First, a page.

Commentary: Thoughts for NBC after the Summer Games

Record ratings, online traffic gives net the right to a victory lap

The Summer Olympics concluded Sunday, and even NBC's critics can't deny that the network has earned a victory lap: Record-setting ratings. Record-setting online traffic. Record-setting ad sales.

And now -- all that's over.

So what lessons can NBC take away from its 17 days in the sun?

-- The network ain't broken. With ratings that often surpassed Athens four years ago, the Beijing Games proved that viewers return instantly for compelling content regardless of how many newfangled entertainment choices are available. Even during a severely depressed summer, NBC's presentation of the opening ceremony took off in the Nielsens as if the network had been winning May sweeps.

This should be a cattle prod to NBC's entertainment department: Although nobody expects a scripted drama in the throes of ultracompetitive fall to perform as strong as an international sporting event airing against repeats, constant ratings declines are not necessarily inevitable, either.

-- You gotta spend money. NBC's cost-cutting isn't just a gag on "30 Rock." The network orders such high-concept projects as "Heroes," "The Philanthropist" and "Kings" then struggles to keep the productions from appearing threadbare. NBC paid $894 million for the rights to the Games -- clearly money well spent. NBC's production values looked like those of a winning network for the first time all summer, and it had the ratings to match. NBC doesn't need the most expensive content, but it does need its storytelling -- whether scripted or reality, creatively modest or ambitious -- to appear high quality.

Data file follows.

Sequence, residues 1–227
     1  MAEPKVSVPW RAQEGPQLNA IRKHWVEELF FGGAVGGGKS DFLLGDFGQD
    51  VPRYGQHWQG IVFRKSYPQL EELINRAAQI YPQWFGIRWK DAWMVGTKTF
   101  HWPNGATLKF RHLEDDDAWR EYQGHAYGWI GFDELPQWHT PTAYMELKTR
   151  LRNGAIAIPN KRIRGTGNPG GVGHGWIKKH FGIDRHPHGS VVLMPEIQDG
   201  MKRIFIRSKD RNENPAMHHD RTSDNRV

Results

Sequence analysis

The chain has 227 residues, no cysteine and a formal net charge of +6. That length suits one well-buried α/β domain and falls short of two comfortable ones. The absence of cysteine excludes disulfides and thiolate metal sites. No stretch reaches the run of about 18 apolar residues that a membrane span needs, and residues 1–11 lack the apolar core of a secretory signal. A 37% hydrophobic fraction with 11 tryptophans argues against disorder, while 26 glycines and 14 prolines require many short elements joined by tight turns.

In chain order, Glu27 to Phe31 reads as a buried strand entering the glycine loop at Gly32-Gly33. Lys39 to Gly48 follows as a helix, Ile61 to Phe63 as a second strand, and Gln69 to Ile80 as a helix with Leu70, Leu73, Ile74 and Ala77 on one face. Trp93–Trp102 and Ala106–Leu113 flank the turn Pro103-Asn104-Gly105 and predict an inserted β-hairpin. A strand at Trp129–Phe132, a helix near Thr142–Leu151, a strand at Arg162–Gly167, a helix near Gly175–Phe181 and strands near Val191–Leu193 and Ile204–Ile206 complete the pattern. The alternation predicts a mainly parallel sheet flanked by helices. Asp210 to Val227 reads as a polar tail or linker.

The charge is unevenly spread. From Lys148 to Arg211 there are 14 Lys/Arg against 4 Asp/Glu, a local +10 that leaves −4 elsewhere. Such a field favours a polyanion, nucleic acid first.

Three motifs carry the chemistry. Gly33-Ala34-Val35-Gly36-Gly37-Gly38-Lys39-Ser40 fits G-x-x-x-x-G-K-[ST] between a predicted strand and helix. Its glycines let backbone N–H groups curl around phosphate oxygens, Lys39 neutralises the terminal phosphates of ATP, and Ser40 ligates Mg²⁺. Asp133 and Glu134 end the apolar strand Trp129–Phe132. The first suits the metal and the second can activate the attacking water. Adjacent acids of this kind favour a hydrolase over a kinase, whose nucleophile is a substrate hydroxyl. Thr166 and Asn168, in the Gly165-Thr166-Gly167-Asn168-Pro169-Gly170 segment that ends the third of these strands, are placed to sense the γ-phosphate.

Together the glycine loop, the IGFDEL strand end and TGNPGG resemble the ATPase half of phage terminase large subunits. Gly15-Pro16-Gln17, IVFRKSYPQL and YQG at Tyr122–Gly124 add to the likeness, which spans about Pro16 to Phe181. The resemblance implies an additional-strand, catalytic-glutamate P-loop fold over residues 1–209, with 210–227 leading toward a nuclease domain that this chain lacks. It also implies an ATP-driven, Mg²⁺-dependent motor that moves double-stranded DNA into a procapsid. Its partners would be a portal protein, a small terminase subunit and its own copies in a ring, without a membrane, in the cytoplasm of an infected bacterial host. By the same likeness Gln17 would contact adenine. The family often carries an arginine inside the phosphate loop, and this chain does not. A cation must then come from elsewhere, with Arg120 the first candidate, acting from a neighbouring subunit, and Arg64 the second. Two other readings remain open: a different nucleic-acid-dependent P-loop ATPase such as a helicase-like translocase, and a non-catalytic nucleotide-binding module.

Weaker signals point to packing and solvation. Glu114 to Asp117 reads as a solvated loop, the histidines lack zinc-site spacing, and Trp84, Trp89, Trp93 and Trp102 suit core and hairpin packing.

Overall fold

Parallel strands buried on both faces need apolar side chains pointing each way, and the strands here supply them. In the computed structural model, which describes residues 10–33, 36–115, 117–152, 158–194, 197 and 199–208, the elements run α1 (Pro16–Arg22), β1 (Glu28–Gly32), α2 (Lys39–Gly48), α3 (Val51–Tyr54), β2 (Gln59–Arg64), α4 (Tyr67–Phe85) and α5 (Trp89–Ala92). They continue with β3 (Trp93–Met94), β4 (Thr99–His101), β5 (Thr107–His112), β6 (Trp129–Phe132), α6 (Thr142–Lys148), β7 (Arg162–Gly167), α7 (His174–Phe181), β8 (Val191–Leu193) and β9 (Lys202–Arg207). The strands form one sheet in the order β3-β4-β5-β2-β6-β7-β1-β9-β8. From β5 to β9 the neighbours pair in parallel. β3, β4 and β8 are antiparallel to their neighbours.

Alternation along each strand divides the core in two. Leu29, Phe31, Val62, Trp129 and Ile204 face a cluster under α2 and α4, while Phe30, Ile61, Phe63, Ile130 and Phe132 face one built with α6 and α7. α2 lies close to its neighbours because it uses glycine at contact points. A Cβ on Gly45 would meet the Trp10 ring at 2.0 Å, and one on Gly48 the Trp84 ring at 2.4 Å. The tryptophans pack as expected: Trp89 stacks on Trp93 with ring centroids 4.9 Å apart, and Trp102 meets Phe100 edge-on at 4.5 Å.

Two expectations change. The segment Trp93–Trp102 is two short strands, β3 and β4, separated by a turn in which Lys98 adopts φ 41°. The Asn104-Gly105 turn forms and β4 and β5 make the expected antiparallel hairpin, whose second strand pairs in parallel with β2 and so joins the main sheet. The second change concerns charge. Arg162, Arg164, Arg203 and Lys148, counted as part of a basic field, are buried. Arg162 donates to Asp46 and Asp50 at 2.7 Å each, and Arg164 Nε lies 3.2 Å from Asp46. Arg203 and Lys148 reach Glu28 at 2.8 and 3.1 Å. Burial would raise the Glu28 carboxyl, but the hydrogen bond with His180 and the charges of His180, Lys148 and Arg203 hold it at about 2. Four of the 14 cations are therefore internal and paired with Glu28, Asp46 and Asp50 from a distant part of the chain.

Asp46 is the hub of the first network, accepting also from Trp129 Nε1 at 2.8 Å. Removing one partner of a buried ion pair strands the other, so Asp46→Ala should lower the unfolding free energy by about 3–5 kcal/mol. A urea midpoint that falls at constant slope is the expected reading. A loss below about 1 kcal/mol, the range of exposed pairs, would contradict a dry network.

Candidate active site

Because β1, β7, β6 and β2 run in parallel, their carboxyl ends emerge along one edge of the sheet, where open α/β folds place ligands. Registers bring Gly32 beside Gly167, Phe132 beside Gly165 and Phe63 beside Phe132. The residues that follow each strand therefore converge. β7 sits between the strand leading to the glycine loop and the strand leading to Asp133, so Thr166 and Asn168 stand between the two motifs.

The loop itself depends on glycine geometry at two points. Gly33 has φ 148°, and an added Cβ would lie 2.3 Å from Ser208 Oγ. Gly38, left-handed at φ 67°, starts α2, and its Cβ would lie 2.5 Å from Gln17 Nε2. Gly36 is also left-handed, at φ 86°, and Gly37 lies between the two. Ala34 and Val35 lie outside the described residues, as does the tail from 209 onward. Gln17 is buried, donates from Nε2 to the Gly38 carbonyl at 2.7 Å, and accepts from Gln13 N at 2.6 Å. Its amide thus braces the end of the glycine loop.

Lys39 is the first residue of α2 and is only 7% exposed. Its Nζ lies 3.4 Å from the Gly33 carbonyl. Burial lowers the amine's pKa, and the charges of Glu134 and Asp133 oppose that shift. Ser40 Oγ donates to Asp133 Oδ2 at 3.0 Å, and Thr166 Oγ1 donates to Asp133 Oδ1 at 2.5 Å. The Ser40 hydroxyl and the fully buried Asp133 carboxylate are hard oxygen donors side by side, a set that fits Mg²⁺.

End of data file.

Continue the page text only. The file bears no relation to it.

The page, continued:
-- Online is important, but telecast is still king. With NBCOlympics.com surpassing 1 billion page views, NBC has reason to brag about its online performance. Even viewers who griped about the broadcast feed had praise for NBC's Web streams. But according to the network, only two-tenths of 1% actually watched the Olympics solely on the Internet. The litmus test backs up what viewership studies have repeatedly shown: Given a choice, viewers would rather watch content on their TV than their computer.

-- Don't lie. Advertising tape-delayed telecasts as "live" and not being forthright about misleading elements in the opening ceremony were hardly earth-shattering ethical issues. Yet the topics were a needless distraction that significantly undermined the public's confidence in NBC's coverage. Countless headlines hounded NBC over technical issues -- the difficulty in changing onscreen graphics, giving Zapruder film-style analysis to a few seconds of fireworks coverage -- rather than focus on the network's quality day-to-day coverage.

-- Ducking controversy works (or at least doesn't hurt). While misleading viewers about minor fracases blew up in NBC's face, practically shrugging off major polarizing issues seemingly did little harm. NBC figured its job wasn't regime change but instead to broadcast an Olympics the best way it could amid sometimes trying circumstances and keeping quiet publicly -- sometimes painfully so -- while fighting for access behind the scenes. Embracing controversial stories that inflamed online news sites (pollution! underage gymnasts! arrested elderly protesters!) might have resulted in higher viewership, but we'll never know for sure. So while NBC might not have struck any blows for freedom in China, the network delivered what it promised: Olympics coverage.

-- Go big in research: Calling the Olympics the world's biggest media lab, research chief Alan Wurtzel and his team received an unprecedented amount of data on TV, viewer behavior, online page views and streaming and even the micro audiences on mobile wireless and VOD. The Total Audience Measurement Index, or TAMI, might not add up to much right now, but it's winning kudos for NBC from media agencies. "We believe the insights provided here are extremely valuable," Magna Global research chief Steve Sternberg said last week.

Paul J. Gough in New York contributed to this report.
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